If you're angry at government right now, you have every right to be. We are, too.
Under the U.S. Constitution, Americans are supposed to have privacy and the dealings of government are supposed to be public. In practice, the situation is too often reversed.
The National Security Agency, we learned this past week, has collected the telephone records of tens of millions of cell phone customers under the guise of looking for terrorists. Under a separate program, government is accessing the Internet servers, supposedly on foreigners.
We're still learning about the extent of these domestic surveillance programs, but what we know so far is alarming. The government has the responsibility and the right to collect intelligence that will prevent another Sept. 11 or another Boston bombing incident. But it also needs to explain and justify the scope of the programs it employs.
On the other side of the spectrum is government's proclivity toward secrecy rather transparency.
That is a chronic problem that extends from the highest levels in Washington, D.C., right on down to state government and then on to local boards and councils.
We hammer on this issue frequently. It's a crusade for The Bee and other newspapers that believe that openness is not only the law, but also the best recipe for credibility and trust in government.
In recent weeks, we've seen two big issues where the city of Modesto fell far short of being transparent:
As reported last Sunday by J.N. Sbranti, the process of selecting a site for the new Stanislaus County courthouse has been done largely in secret, without a single public gathering. Residents knew about the potential sites because The Bee reported on them, but they were never given a formal chance to comment.
The state Administrative Office of the Courts set the tone for this secretive deliberation, and city leaders bought right into it without ever holding session to explain why they were so aggressive in pitching the parcel, partially owned by the city, between Ninth and 10th and G and H streets.
The reason: City officials see the courthouse as a fine way to enhance 10th Street as a major corridor from Modesto Centre Plaza, along the side of the Gallo Center for the Arts and all the way into the 90-acre Gateway Parcel of Tuolumne River Regional Park. As The Bee reported in 2006, the city's goal has been to create an eye- catching stretch of commercial, residential and retail development between the two bookends the park and Tenth Street Place.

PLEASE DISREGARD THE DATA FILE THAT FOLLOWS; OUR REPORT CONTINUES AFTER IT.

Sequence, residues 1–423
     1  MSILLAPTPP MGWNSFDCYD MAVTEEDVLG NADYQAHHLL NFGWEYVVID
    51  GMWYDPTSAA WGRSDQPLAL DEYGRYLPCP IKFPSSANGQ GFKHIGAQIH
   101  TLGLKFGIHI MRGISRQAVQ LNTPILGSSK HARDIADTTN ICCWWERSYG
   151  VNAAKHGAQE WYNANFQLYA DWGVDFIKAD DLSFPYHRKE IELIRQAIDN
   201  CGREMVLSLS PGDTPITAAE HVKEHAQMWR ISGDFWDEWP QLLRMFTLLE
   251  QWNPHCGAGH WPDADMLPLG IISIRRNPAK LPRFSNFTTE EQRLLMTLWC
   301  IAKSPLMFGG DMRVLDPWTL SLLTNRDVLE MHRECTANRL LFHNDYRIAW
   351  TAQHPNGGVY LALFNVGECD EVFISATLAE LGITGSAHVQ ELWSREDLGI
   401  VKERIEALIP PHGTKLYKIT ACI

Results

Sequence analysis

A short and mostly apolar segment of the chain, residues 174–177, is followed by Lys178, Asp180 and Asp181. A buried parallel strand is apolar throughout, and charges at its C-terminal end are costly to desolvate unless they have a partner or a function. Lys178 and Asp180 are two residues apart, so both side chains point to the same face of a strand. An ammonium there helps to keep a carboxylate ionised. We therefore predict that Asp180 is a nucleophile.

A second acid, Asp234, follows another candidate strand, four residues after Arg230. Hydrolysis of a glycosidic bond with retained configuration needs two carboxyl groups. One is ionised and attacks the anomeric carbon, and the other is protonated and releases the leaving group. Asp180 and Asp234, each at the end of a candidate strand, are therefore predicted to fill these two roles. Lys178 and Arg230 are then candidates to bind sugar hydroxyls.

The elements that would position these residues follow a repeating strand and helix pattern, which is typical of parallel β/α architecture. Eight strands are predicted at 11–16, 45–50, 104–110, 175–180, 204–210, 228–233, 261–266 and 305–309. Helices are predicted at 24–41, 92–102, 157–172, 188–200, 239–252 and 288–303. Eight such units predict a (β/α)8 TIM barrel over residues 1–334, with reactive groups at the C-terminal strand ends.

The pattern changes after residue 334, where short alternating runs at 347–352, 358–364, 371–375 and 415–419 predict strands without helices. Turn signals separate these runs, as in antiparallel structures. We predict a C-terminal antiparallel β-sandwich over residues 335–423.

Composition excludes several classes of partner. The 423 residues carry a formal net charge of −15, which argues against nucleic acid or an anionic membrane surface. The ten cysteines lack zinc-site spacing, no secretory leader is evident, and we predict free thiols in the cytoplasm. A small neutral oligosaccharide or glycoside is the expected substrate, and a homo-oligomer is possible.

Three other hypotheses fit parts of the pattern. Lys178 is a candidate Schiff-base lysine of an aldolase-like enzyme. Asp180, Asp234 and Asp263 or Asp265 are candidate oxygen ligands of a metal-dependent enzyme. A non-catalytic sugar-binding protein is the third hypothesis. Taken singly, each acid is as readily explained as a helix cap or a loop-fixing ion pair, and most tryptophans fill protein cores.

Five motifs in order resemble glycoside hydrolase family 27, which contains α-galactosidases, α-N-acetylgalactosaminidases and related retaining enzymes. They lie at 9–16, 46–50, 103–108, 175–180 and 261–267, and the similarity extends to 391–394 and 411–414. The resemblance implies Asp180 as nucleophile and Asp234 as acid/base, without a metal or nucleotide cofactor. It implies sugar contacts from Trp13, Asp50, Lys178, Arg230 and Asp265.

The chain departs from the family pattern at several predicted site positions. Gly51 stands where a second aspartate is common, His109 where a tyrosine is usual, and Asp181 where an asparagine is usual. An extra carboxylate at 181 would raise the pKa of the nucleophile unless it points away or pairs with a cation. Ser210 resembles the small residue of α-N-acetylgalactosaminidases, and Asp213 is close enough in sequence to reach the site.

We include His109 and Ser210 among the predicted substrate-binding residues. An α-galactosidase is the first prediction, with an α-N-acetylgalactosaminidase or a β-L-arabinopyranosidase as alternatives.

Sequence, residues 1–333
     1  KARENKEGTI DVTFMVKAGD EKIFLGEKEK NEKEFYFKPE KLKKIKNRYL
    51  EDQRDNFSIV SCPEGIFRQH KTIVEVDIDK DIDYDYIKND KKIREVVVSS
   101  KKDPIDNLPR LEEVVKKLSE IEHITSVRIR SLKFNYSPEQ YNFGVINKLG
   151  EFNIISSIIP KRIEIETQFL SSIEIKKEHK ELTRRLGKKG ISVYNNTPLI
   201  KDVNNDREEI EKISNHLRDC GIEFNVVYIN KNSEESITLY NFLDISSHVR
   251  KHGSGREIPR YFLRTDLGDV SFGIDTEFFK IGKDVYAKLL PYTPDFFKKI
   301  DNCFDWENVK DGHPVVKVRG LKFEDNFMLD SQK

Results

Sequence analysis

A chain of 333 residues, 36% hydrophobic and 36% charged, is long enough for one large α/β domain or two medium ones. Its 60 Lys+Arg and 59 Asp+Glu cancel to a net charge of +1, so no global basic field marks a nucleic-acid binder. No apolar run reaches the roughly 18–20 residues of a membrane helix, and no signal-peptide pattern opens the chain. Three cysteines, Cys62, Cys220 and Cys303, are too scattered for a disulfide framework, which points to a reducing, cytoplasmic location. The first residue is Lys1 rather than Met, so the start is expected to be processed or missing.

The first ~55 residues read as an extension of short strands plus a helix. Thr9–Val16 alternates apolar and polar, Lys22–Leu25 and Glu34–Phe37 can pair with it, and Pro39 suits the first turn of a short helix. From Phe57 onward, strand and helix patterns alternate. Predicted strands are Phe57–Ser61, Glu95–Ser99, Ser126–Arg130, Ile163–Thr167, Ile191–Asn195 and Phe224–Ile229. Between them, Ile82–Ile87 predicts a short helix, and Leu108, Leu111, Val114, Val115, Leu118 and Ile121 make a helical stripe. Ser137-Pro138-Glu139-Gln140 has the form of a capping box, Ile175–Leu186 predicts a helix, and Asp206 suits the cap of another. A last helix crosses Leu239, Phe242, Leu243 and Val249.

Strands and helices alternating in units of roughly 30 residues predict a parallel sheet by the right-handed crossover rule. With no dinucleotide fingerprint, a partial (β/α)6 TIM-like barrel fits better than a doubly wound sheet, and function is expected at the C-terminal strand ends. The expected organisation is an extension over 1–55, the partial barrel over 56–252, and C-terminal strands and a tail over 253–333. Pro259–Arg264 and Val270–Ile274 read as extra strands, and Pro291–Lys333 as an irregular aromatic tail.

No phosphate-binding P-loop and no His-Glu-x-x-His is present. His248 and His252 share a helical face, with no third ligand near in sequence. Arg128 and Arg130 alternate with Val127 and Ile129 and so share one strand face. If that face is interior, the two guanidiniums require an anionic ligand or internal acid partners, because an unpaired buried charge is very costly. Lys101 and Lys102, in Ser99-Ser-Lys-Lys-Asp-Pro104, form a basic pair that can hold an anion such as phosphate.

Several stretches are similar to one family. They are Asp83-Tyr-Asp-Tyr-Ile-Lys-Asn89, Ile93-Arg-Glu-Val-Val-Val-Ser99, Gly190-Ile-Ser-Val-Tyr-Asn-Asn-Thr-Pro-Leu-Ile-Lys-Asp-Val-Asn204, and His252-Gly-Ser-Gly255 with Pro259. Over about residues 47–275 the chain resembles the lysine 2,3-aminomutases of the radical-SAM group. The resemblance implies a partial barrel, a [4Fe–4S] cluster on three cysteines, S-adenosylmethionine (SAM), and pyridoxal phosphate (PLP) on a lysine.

While that vision for Tenth Street might be clear in city officials' minds, many Modestans consider I Street as the main downtown corridor, both because it is wider and because it also boasts the front of the Gallo Center, the existing courthouse, the library, the museum and the side of the McHenry Mansion. That's why many preferred the block currently occupied by but no longer owned by this newspaper. (The Bee and McClatchy Newspapers have no financial stake in the outcome.)
The City Council held two closed-door sessions to talk about the courthouse site on Sept. 25, 2012, and then on May 28, 2013 but never a public session.
That brings us to the current situation, where the city is negotiating with the state over a total price it is willing to pay for the block. Then the city, in turn, will negotiate with owners of the other six parcels and try to make a deal that allows the city to break even. The city also apparently will incur the costs of moving utilities.
And what if the city cannot make the numbers work out to a wash? Then there will have to be a serious and public discussion of whether it is willing to spend the additional money to get the courthouse at that location. The money presumably would come from the city general fund.
"At the end of the day there will be a public meeting" on the subject, City Manager Greg Nyhoff assured us.
And therein lies the problem: The public has been cut out of this discussion until the end.
Citizens aren't the only ones who haven't gotten the full script of the community survey a k a poll done by an outside firm on several issues, but most notably on whether there would be support for a sales tax measure to provide more money for public safety. At Tuesday's council meeting, during an oral presentation of the preliminary poll results, even some of the council members were frustrated that they could not know the wording of the questions. Nyhoff said it was proprietary information. We think that's a weak argument.
In spite of his campaign pledge for transparency, Mayor Garrad Marsh has not provided any kind of specifics on his sales tax idea. So with only weeks until the absolute final deadline to get a ballot measure prepared, the public knows nothing.
In some cases, we see government officials hiding things because of corruption or because they are embarrassed by mistakes. Far more often, the public is excluded as an oversight and-or because the officials don't really value the public's right to know what is being done with their money and in their name.
Secrecy seems to come naturally to politicians and decision makers. There's no cure for this chronic disease, but it can be treated when the people individuals, organizations and the press are vigilant in watching and reminding them that the public's business must be done in full view.